Coronary heart disease (CHD) policy model has been used to quantify the benefits of potentially achievable, population-wide reductions in dietary salt of up to 3 gm (1200 mg of sodium) per day. Reducing dietary salt by 3 gm per day is projected to reduce the annual number of new cases of CHD by 60,000 to 120,000, stroke by 32,000 to 66,000, and myocardial infarction by 54,000 to 99,000 and to reduce the annual number of deaths from any cause by 44,000 to 92,000. All segments of the population would benefit, with blacks benefiting proportionately more, women benefiting particularly from stroke reduction, older adults from reductions in CHD events, and younger adults from lower mortality rates.25
SALT AND BLOOD PRESSURE LIMITATIONS OF THE AVAILABLE EVIDENCE
Food and Salt Industry competing commercial financial interests
Likelihood of study bias due to both random and systematic errors of hidden sodium in processed foods
Day-to-day variation in diet may negatively impact a 24-hour diet question chart
Reverse causation theory. Inclusion criteria in studies involve subjects with existent diseases like diabetes mellitus and hypertension, who may consume low salt, which may influence morbidity and mortality
Weak research methodology with the use of methods like single spot urine samples to estimate usual salt intake
NEW EVIDENCE ON SALT AND MORTALITY
In context with the above evidence limitations, two trials, phase I (1987–1990), with 741 participants over 18 months, and phase II (1990–1995), with 2,382 participants over 36 months, were undertaken in TOHP, which implemented sodium reduction but without control intervention.26,27
Researchers estimated that three 24-hour collections would improve accuracy to 75% compared with sodium ingestion and that seven would be needed to improve accuracy to 92%.
The Trials of Hypertension Prevention (TOHP) study used up to seven excretion measurements from prehypertensive adults 30 to 54 years of age. A total of 251 deaths occurred, representing a nonsignificant 15% lower risk in the active intervention (possibly due to insufficient power) as compared with 272 deaths in those not assigned to an active sodium intervention. There was a linear association between average sodium intake and mortality, with an HR of 0.75, 0.95, 1.00, and 1.07 (p trend ¼ 0.30) for <2,300, 2,300 to <3,600, 3,600 to <4,800, and >4,800 mg/24 hour respectively; and with an HR of 1.12 per 1,000 mg/24 hours. There was no evidence of a J-shaped or nonlinear relationship.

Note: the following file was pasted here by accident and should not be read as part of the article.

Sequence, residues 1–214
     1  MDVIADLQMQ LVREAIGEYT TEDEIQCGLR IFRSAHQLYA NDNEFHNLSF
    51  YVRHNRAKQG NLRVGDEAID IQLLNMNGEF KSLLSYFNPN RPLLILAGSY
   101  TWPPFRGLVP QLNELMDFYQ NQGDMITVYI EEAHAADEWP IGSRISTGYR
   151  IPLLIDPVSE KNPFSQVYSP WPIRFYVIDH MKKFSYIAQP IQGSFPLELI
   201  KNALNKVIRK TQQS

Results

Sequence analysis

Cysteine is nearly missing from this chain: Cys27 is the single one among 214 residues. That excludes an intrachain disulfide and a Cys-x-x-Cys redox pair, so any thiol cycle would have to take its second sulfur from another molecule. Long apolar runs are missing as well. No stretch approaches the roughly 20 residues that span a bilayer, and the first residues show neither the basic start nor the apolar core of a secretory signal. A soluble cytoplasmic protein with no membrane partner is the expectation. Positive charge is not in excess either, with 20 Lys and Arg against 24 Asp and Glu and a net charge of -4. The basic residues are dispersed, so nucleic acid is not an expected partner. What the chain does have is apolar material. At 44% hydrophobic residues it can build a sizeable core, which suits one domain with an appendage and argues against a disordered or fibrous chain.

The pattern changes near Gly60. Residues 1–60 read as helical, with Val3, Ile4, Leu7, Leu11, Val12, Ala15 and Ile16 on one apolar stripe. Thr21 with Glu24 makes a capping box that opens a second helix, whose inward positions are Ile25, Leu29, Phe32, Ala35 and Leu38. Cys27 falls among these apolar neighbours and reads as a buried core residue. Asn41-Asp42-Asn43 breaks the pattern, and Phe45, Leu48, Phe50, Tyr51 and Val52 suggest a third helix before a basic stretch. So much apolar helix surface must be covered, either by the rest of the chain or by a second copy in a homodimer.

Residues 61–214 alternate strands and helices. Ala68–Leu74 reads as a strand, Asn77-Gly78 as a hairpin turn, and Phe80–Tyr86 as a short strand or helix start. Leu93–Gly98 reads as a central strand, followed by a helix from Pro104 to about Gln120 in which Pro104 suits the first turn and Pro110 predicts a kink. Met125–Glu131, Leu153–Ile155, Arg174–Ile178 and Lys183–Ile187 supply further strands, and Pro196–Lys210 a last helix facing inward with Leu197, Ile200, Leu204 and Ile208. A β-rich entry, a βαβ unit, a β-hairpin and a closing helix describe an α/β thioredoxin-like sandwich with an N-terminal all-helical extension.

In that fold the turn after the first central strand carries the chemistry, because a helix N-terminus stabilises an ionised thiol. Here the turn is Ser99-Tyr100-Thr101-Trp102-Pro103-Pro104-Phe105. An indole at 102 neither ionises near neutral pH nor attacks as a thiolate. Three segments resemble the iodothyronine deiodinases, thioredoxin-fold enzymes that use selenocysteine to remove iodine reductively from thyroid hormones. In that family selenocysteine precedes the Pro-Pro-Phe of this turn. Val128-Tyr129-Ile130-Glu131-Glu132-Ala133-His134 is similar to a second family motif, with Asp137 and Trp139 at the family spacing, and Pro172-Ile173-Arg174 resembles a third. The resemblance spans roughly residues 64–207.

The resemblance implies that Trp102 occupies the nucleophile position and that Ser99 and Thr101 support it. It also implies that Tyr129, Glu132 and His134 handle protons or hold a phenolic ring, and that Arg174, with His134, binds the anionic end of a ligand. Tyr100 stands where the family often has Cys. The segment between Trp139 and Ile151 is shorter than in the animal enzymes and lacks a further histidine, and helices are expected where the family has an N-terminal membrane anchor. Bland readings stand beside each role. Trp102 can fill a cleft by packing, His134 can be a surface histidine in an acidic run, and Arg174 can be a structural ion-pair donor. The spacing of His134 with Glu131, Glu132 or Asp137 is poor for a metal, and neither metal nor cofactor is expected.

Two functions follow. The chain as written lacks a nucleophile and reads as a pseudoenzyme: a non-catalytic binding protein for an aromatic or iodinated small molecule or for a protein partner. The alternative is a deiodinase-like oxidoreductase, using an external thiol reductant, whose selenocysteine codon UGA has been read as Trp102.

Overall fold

The study concluded a direct relationship with total mortality, even at the lowest levels of sodium intake and consistent with a benefit of reduced sodium and sodium/potassium intake on total mortality over a 20-year period. The TOHP trial participants did not previously have comorbid conditions like hypertension, diabetes, or CVD, and these reduced the problem of reverse causation. Evidence of the safety or efficacy of low sodium intake (<2.3 gm/day) was not commented upon, as low sodium intake was not achieved in the intervention group.
Recent studies have invited substantive controversy and have drawn significant criticism from the scientific community for many limitations in research design and methods, misinterpretation of study results, and potential conflicts of interest of the authors.28 Uncertainties exists on whether reducing sodium intake below 2300 mg/day either decreases or increases CVD risk in the general population.28 For these reasons, the World Hypertension League and supporting organizations have made an urgent call for quality research on salt intake and health and listed important issues that could be addressed in setting standards for research on sodium (salt) intake and health.29
Excess salt consumption leads to increase in blood pressure, which in turn increases the CVD and translates to mortality. The lowering of salt intake from high to moderate level is definitely beneficial in people with hypertension. The current available evidence does not support aggressive population-based strategies for low-salt diet. In this context, two trials were undertaken in TOHP, which implemented sodium reduction. There was no evidence of a J-shaped or nonlinear relationship and direct relationship with total mortality was demonstrated, even at the lowest levels of sodium intake and consistent with a benefit of reduced sodium and sodium/potassium intake on total mortality over a 20-year period.